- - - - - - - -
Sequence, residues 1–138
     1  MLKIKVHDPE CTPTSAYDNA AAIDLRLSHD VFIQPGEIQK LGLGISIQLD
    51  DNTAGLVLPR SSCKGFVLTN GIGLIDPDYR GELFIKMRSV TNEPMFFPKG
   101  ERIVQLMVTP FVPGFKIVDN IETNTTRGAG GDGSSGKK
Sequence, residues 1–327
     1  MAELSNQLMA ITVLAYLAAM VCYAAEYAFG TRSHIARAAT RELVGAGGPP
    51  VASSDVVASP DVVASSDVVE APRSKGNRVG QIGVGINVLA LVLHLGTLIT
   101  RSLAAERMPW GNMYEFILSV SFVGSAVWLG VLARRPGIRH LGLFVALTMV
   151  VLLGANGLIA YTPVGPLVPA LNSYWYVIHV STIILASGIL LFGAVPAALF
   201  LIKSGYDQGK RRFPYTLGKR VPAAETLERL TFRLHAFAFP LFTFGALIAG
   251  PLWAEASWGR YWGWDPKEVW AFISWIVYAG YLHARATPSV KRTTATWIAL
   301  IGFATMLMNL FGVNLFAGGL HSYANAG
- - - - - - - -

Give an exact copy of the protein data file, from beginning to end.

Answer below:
Sequence, residues 1–138
     1  MLKIKVHDPE CTPTSAYDNA AAIDLRLSHD VFIQPGEIQK LGLGISIQLD
    51  DNTAGLVLPR SSCKGFVLTN GIGLIDPDYR GELFIKMRSV TNEPMFFPKG
   101  ERIVQLMVTP FVPGFKIVDN IETNTTRGAG GDGSSGKK
Sequence, residues 1–327
     1  MAELSNQLMA ITVLAYLAAM VCYAAEYAFG TRSHIARAAT RELVGAGGPP
    51  VASSDVVASP DVVASSDVVE APRSKGNRVG QIGVGINVLA LVLHLGTLIT
   101  RSLAAERMPW GNMYEFILSV SFVGSAVWLG VLARRPGIRH LGLFVALTMV
   151  VLLGANGLIA YTPVGPLVPA LNSYWYVIHV STIILASGIL LFGAVPAALF
   201  LIKSGYDQGK RRFPYTLGKR VPAAETLERL TFRLHAFAFP LFTFGALIAG
   251  PLWAEASWGR YWGWDPKEVW AFISWIVYAG YLHARATPSV KRTTATWIAL
   301  IGFATMLMNL FGVNLFAGGL HSYANAG